On the first full day of the Forum, JLL kicked off with a morning breakfast session titled ‘Delivering New World Cities’, where renowned panelists discussed many aspects of city innovation and urbanization. It was fascinating to hear insights from the panel, which comprised Rosemary Feenan, JLL’s head of global research, Professor Colin Lizieri from the University of Cambridge, and Professor Carlo Ratti of MIT’s Department of Urban Studies and Planning.
The session was particularly pertinent for Tokyo, since the city was named as an example of a global hub enabled by technology. Much of the discussion was focused on how to create sustainable cities and the importance of effective interaction between economics, real estate, technology and capital to achieve this.
Professor Lizieri noted that private investment needs to feed into cities as a whole to help develop the infrastructure they need to be successful. Professor Ratti highlighted the impact of data and technology, reminding us that real estate moves slowly and technology moves fast, so as an industry we need to start future proofing. Food for thought for Tokyo as the city gears up for the 2020 Olympic Games.
On the evening of day two, the ‘Japan Night’ event drew many Japanese corporate executives from a wide range of industries. This event was hosted to promote Japan’s business and culture, and also offered networking opportunities for senior leaders and government officials.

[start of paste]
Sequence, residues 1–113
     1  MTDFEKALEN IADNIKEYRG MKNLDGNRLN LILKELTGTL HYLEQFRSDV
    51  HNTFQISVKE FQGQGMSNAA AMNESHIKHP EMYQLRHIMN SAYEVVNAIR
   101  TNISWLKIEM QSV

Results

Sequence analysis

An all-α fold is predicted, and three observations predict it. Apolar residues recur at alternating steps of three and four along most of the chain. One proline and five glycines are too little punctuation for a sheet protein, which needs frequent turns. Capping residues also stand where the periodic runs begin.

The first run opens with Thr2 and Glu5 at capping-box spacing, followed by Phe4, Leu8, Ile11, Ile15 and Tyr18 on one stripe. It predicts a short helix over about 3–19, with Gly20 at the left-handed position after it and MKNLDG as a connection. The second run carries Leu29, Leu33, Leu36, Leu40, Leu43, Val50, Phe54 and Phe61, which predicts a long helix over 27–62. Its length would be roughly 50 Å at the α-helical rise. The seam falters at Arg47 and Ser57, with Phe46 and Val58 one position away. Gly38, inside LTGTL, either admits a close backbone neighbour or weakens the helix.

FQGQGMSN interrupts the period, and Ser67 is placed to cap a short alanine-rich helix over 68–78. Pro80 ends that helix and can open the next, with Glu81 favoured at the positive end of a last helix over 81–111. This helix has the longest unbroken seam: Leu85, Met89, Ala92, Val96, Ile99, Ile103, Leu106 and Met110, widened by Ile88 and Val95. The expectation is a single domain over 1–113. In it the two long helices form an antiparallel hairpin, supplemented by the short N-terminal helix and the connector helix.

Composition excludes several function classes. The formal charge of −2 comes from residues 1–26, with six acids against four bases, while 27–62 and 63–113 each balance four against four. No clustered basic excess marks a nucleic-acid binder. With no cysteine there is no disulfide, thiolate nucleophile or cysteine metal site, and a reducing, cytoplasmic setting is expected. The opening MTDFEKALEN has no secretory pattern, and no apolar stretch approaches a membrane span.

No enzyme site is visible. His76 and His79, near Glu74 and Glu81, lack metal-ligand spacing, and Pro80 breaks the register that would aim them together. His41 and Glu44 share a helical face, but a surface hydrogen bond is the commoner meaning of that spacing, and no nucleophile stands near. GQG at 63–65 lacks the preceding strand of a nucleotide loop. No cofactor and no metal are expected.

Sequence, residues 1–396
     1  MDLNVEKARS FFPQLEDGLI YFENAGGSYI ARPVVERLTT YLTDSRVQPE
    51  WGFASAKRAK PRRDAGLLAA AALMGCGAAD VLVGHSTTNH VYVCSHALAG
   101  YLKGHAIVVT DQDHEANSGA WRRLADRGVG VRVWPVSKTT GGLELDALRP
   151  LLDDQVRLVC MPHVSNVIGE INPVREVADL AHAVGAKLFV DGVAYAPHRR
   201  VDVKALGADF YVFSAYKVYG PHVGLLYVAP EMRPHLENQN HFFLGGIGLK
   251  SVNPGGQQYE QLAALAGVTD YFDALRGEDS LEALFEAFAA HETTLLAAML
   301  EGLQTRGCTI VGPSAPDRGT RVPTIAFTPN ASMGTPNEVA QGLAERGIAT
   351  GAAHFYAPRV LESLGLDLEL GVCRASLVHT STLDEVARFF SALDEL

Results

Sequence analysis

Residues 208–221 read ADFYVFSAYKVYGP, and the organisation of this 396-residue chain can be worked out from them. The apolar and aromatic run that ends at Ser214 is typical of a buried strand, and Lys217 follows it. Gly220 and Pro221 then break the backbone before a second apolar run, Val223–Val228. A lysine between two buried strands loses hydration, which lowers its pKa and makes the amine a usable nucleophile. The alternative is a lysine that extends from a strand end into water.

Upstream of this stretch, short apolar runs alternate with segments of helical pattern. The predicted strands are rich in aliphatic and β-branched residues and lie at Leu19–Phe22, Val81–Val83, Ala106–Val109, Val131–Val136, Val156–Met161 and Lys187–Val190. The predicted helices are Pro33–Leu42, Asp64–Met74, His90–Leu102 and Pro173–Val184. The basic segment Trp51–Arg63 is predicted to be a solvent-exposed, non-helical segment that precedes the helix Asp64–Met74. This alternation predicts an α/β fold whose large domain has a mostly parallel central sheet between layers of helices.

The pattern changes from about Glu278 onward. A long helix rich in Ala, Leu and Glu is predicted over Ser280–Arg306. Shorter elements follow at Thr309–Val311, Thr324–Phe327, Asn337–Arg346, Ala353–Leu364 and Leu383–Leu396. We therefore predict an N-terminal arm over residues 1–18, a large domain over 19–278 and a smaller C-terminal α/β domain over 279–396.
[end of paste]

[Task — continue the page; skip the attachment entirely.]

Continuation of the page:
Although Prime Minister Abe was unable to attend Davos this year, the ceremony kicked off with a message from him. I had the pleasure of attending the event with JLL’s global CEO Colin Dyer and met with many Japanese corporate executives, while enjoying some sushi and sake.
It has been three years since the start of ‘Abenomics’ and although people still anticipate a long journey for Japan to grow at the levels it once experienced, throughout the night I sensed a strong unity and bond to work as a team, as ‘One Japan’. As this year’s overarching theme is ‘The Fourth Industrial Revolution’, I feel more strongly now about Japan’s potential to contribute as we embark on this new frontier.
In PM Abe’s absence Minister in charge of Economic Revitalization Amari, Bank of Japan Governor Kuroda, and Governor of Fukushima Prefecture Uchibori plan to take part in the sessions.
Minister Amari is set to report on the development of ‘Abenomics’ and explain how Japan is preparing for future economic growth. Meanwhile, Bank of Japan Governor Kuroda will participate in a session titled “The Global Economic Outlook” alongside India’s Finance Minister Arun Jaitley. Given the slowing growth and recent market volatility in China, many will be listening keenly to what both Mr Kuroda and Mr Jaitley have to say about the economic prospects for their respective countries.